Preliminary Note on the Complete Larval Development of Callinectes sapidus Rathbun Under Laboratory Conditions

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  • Preliminary Note on the Complete Larval Development of Callinectes sapidus Rathbun UnderLaboratory ConditionsAuthor(s): John D. Costlow, Jr., George H. Rees and C. G. BookhoutSource: Limnology and Oceanography, Vol. 4, No. 2 (Apr., 1959), pp. 222-223Published by: American Society of Limnology and OceanographyStable URL: .Accessed: 17/06/2014 06:00

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    ISELIN, C. O.'D. 1939. Some physical factors which may influence the productivity of New England's coastal waters. J. Mar. Res., 2(1): 74-85.

    STOREY, M., AND E. W. GUDGER. 1936. Mor- tality of fishes due to cold at Sanibel Island, Florida, 1886-1936. Ecology, 17: 640-643.

    VERRILL, A. E. 1901. A remarkable instance of the death of fishes at Bermuda in 1901. Amer. J. Sci. Ser. 4, 12: 88-95.

    WALFORD, L. A. 1938. Effects of currents on the distribution and survival of eggs and

    larvae of haddock (Melanogrammus aegle- finus) on Georges Bank. Bull. U. S. Bur. Fish., 49(29): 1-73.

    WIBORG, K. F. 1948. Investigations on cod larvae in the coastal waters of northern Nor- way. Fiskeridir. Skr. Havunders0k., 9(3): 1-26.

    JOHN B. COLTON, JR. Bureau of Commercial Fisheries

    Woods Hole, Mass.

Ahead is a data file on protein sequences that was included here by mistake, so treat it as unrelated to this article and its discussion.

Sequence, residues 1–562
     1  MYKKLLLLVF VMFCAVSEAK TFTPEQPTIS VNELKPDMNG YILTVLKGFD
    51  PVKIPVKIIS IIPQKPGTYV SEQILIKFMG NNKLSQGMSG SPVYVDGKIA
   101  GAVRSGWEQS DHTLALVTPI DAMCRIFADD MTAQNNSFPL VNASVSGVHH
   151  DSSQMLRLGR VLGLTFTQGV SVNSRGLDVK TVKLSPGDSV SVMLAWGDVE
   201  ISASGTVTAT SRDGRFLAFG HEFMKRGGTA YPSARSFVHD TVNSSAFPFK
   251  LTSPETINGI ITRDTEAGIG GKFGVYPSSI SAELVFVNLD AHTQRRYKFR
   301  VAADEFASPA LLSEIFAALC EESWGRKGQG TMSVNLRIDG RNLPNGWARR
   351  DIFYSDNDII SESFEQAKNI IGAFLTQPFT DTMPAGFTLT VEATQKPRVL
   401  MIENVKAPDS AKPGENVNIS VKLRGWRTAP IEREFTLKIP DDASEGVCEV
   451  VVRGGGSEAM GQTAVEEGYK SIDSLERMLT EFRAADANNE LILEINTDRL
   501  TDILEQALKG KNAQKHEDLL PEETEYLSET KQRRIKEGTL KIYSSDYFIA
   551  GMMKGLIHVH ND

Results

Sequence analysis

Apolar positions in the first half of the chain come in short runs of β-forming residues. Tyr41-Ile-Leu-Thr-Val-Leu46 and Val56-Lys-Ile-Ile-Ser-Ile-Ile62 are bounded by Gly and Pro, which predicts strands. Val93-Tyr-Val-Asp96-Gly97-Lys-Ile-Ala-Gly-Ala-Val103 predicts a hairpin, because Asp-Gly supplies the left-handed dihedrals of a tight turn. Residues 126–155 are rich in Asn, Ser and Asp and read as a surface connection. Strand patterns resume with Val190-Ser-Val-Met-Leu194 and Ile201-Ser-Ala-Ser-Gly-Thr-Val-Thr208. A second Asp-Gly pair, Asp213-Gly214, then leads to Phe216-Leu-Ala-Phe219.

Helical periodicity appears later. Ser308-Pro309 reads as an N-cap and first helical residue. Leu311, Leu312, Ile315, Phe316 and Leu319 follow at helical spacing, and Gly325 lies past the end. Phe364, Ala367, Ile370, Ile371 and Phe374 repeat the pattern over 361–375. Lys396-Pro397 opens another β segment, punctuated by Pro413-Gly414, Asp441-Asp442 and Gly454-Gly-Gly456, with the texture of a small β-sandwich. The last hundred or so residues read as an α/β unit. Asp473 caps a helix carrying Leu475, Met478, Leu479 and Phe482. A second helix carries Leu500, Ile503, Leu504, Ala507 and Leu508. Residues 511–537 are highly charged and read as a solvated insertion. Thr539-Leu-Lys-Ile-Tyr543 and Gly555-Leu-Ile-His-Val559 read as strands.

Preliminary Note on the Complete Larval Development of Callinectes Sapidus Rathbun under

    Laboratory Conditions,

    A series of workers starting with Brooks (1882) and including Paulmier (1903), Hay (1904), Binford (1911), Churchill (1942), and Sandoz and Hopkins (1944) have attempted to rear Callinectes sapidus Rathbun through all larval stages in the laboratory but to date have been unsuccessful in raising them beyond the third zoeal stage. The information available on the later stages of de- velopment has, therefore, been obtained from reconstructions based on planktonic material. Churchill (1942) described his paper as filling the one remaining gap in our knowledge of the life history of the blue crab. Inasmuch as Callinectes ornatus and other species of the Portunidae are geographically sympatric with C. sapidus in much of its range and their life histories are un- known, we believe it is possible that the larvae of these species could easily be mistaken for one another. Hopkins (1944) is of the opinion that Churchill's description of the late zoeal stages (3-5) is in error and that positive identification of these stages would have to await rearing in the laboratory. We also feel that the only safe method of avoiding confusion with other species and obtaining accurate information concerning the larval development of C. sapidus would be to rear them from eggs in the laboratory. This method also has the advantage of giving more accurate information on the time of molting, the duration and mortality of each zoeal stage, and the time required for complete development to the crab.